Memories and broken china
As I tidied up after breakfast this morning, I went to put my little teabag dish in the dishwasher, but somehow it slipped over the top rack and smashed on the floor.
I was instantly transported back to my fourth birthday, because this little dish, which happened to be the exact right size for resting a tea strainer on, or holding a used teabag, had started life as a serving dish in the set of doll’s china that was my fourth birthday present. I remember opening the package in bed and setting it out on the tray, balanced on my knees. I remember my absolute delight in the perfection and completeness of the tiny cups and saucers, soup bowls and plates.
And I remember my absolute horror and desolation when I moved my knees and tipped the whole tray off the side of the bed and onto the cast iron radiator.
A very few random pieces survived, but this was the only one that survived till the end of childhood and was incorporated by my daughter into her own tea services. It survived the smashing of much of her china by a visiting child, and when the time came to pack up my daughter’s childhood things, I decided to give this little dish a new lease of life and use it again.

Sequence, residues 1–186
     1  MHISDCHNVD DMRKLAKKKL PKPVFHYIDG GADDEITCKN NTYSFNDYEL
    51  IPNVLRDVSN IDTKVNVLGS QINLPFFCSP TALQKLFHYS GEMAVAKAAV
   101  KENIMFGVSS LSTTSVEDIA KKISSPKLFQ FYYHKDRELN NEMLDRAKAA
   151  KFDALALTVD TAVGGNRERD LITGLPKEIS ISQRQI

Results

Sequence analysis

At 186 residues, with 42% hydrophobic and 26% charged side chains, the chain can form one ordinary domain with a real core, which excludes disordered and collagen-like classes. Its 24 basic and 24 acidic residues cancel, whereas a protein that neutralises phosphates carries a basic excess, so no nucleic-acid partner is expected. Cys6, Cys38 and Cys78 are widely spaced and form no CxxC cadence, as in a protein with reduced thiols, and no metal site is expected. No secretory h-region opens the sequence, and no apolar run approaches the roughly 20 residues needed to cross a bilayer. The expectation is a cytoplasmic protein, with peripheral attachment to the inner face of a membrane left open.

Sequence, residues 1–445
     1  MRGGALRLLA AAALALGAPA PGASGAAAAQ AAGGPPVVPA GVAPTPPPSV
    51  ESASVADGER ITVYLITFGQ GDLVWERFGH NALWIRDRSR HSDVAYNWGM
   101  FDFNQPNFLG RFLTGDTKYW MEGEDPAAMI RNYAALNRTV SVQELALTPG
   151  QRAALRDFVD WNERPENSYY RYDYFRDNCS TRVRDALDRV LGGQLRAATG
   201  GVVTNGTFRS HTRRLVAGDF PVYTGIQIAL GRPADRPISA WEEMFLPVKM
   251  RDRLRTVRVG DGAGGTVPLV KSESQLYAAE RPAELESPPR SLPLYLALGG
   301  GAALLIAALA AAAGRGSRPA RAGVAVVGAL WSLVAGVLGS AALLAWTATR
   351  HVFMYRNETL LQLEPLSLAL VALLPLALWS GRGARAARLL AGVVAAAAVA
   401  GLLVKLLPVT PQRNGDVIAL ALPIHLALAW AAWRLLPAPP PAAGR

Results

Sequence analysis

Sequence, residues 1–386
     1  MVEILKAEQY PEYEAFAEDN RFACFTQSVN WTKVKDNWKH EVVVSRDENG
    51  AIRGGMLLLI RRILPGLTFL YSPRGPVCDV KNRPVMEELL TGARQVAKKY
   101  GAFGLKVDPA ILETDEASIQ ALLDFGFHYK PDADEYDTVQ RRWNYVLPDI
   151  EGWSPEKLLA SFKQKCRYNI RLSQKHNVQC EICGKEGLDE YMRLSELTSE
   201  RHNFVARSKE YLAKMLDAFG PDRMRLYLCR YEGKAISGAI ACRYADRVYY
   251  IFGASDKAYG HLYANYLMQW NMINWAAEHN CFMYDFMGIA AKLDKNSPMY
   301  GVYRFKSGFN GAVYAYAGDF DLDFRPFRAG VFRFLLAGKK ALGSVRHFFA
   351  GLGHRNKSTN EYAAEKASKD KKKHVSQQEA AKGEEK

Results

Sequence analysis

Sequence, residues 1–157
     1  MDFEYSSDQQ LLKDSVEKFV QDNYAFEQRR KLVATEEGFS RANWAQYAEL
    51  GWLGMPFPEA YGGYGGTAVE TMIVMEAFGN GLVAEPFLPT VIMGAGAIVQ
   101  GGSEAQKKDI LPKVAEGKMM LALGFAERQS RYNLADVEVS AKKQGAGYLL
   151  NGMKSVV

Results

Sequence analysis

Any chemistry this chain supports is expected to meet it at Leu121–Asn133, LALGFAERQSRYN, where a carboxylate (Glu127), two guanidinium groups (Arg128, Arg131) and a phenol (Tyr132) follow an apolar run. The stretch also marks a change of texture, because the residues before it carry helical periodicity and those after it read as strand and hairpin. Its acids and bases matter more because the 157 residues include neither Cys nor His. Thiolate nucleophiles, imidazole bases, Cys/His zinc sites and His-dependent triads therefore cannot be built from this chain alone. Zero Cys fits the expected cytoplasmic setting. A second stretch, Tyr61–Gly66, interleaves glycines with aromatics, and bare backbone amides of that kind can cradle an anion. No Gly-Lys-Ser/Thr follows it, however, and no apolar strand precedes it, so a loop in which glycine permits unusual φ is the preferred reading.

I’d rather not have broken it, but I don’t regret using it; partly because I enjoyed it, partly because accessing memories like this not only gives a greater meaning to life, it’s how I write. The smashing of a tea strainer dish is unlikely to appear in my fiction, but the four year-old’s complicated mix of shock, disbelief, grief and guilt is the type of emotion that fiction draws on.
Wendy Orr is a Canadian-born Australian writer. Her books for children and adults have been published in 27 countries and won awards around the world. Nim’s Island and Nim at Sea have also become feature films, starring Jodie Foster and Abigail Breslin (Nim’s Island) and Bindi Irwin (Return to Nim’s Island.) Her latest book is Cuckoo’s Flight, a companion to the highly acclaimed Bronze Age novels Dragonfly Song and Swallow’s Dance. Read full bio